By: Ali Azhar Arastu
The time of the Imam, peace be on him, is famous for the debates and arguments which spread among the great figures of religions, of Islamic schools, and of other ideologies. Al-Ma�mun, the Abbasid Caliph appointed Imam al-Ridha, (as), as his heir apparent. However, he was not sincere in this purpose nor did he believe that the Imam was more appropriate than him for the caliphate. He (al-Ma�mun) ordered all his governors in Islamic world to summon the great (religious) scholars, who were experienced in different kinds of science, to go to Khurasan in order to question the Imam about the most difficult scientific matters. When they came to him (al-Ma�mun), he mentioned the matter before them and promised to enrich those who would question the Imam and render him incapable of answering them. Generally speaking, he appointed him as his heir apparent for the following political reasons:
1. Al-Ma�mun intended to destroy the beliefs of the Shi�ites and to efface their traces. He wanted the religious scholars to render Imam al-Ridha, peace be on him, incapable of answering them, that he might use his incapability as means to cancel the beliefs of the Shi�ites, who maintained that the Imam should be the most learned of the people of his time and most knowledgeable of them in all kinds of science. Of course, if the Imam had been incapable of disproving the scholars� beliefs, he would have shaken the entity of the Shi’ites and abrogated their beliefs in the Imams of the members of the House, Ahl al-Bayt, peace be on them.
2. If the Imam had been unable to answer the questions of the religious scholars, al-Ma�mun would have been able to remove him from regency. In other words al-Ma�mun would have been able to achieve his political aims through the Imam, for he had told the people that he nominated him for that important office because he was the most learned of the community. Meanwhile, his mass media would have announced that the Imam had fallen short of answering the scholars� questions so that it might respond to the Abbasid family�s feelings. Anyhow, the leading scholars had prepared the most difficult questions and asked the Imam about them, and he skilfully answered them. The narrators have mentioned: �He (Imam al-Ridha) was asked about more than twenty thousand questions in different times to the extent that al-Ma�mun�s palace became a scientific centre, that the leading scholars admired the Imam�s talents and abilities, that they announced to the people the Imam�s great abilities in knowledge and excellence, and that most of them believed in his Imamate. 76 The following are some extracts of some of the debates:
Debate with Abu Qurra
�Where is Allah?� asked Abu Qurra.
Imam al-Ridha (as) answered, �The �where� is a place. This is the question of one who is present about one who is absent. As for Allah, the Most High is not absent; nor was there an eternal thing before Him. He is everywhere. He is Director, Creator, Keeper, the Holder of the heavens and the earth.�77
Debate with the catholic Among others, al-Ma�mun also invited Zoroastrian Priests, Rabbi�s, Catholic Archbishop to debate with Imam al-Ridha. When they all arrived in the palace, al-Fadl b. Sahl went in a hurry to the Imam (as) and said to him: �May I be your ransom, your cousin (i.e. al-Ma�mun) is waiting for you. The people have gathered. What is your view of going to him?� The Imam answered him that he was ready to attend (the session) and that he was going to al-Ma�mun. The session was attended by the Ta�libiyyin, the Ha�shimites, the military commanders, Muslim and non-Muslim scholars. When the Imam came, al-Ma�mun and all those who were in the session stood up for him and welcomed him with honour. The Imam sat while the people were still standing in order to show respect for him. Al-Ma�mun ordered them to sit and they sat down. All the people in the session kept silent as a sign of respect for the Imam, and then al-Ma�mun turned to the Catholic Archbishop and said to him: �Catholic, this is my cousin Ali b. Musa b. Jafar. He is one of the children of Fatemah, daughter of our Prophet (sawa) and of Ali b. Abu Talib (as). I would like you to debate with him on theology, argue with him, and show justice toward him.�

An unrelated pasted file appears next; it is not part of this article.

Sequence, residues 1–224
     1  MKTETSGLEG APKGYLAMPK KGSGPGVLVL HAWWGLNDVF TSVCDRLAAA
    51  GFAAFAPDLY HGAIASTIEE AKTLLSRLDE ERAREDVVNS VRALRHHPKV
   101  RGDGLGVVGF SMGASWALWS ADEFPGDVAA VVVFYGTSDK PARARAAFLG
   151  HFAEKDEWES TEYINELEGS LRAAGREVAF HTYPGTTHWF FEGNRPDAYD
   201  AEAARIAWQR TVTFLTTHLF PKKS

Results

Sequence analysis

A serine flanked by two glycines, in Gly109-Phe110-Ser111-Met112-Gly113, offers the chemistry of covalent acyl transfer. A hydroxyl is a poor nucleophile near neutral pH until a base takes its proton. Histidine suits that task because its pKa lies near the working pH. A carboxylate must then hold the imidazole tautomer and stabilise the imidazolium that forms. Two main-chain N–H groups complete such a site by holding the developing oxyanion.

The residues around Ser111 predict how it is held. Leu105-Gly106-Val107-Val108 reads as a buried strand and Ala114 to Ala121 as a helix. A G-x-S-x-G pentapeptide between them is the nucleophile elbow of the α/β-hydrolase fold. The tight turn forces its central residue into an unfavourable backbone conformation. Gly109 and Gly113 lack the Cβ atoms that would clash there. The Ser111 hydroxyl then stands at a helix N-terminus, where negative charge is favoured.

�Commander of the faithful, how can I argue with a man who argues with me through a Book which we have denied and a Prophet whom I do not believe in?� asked the Catholic. The Catholic thought that the Imam, peace be on him, would produce evidence in support of his beliefs through some verses of the Holy Qur�an or through some words of the Messenger (sawa). As he had no faith in the Qur�anic verses and the Prophetic traditions, he asked the Imam to give proof of his beliefs from their own Books, and the Imam answered him saying: �Christian, if I give proof from your Gospel, will you admit it?�
�Yes,� retorted the Catholic, �By Allah, I will admit it. Can l repel what the Bible speaks about?�
Imam al-Ridha (as) proved to the Catholic from the Bible that Prophet Muhammad and his family has been mentioned in the Bible. He also named the disciples of Nabi Isa (as). Later the Holy Imam al-Ridha (as) added, saying: �By Allah, we believe in �Isa who believed in Muhammad (sawa). We have nothing against �Isa except his weakness and the paucity of his fasting and prayer.� When the Catholic heard the last words of the Imam�s statement, he shouted: �By Allah, you have corrupted your knowledge! Your affair has become weak! I thought that you were the most learned of the Muslims!� The Imam faced him calmly, asking: �Why?� The Catholic lost his mind, so he began saying: �Because of your statement (which is) that �Isa was weak with little fasting and praying, (while) �Isa never broke fasting by day and never slept by night. He always fasted by day and prayed by night.� The Imam got ready to disprove the Christian belief which said that Nabi Isa (as) was a god other than Allah and was served! He asked the Catholic: �For whom did he (Nabi Isa) fast and pray?� (In other words Imam al-Ridha (as) asked the Catholic, �if you claim that Nabi Isa worshipped, then who did he worship? If you claim that he was a god?�) The Catholic did not answer, not knowing what to say. So the Imam turned to him, saying: �I want to ask you a question.�
�Ask,� Said the Catholic, �I will answer you if I have knowledge of it.�
Imam al-Ridha (as) asked, �Did you not deny that �Isa gave life to the dead with Allah�s permission?�
�I had denied that before,� the Catholic answered, �he who gives life to the dead, heals the blind and the leprous is a lord worthy of being served.� The Imam (as) disproved his statement, saying: �Indeed al-Yasa� did just as �Isa, peace be on him, did: he walked on the water, gave life to the dead, and healed the blind and the leprous. Why did his community not adopt him as a lord? Why did not anyone serve him (as a god) other than Allah? He gave life to thirty-five men sixty years after their death. This (statement) is in the Torah. None denies it except an unbeliever.� The Catholic admired the Imam�s knowledge of their Books, and then he said: �We have heard of it and recognized it.�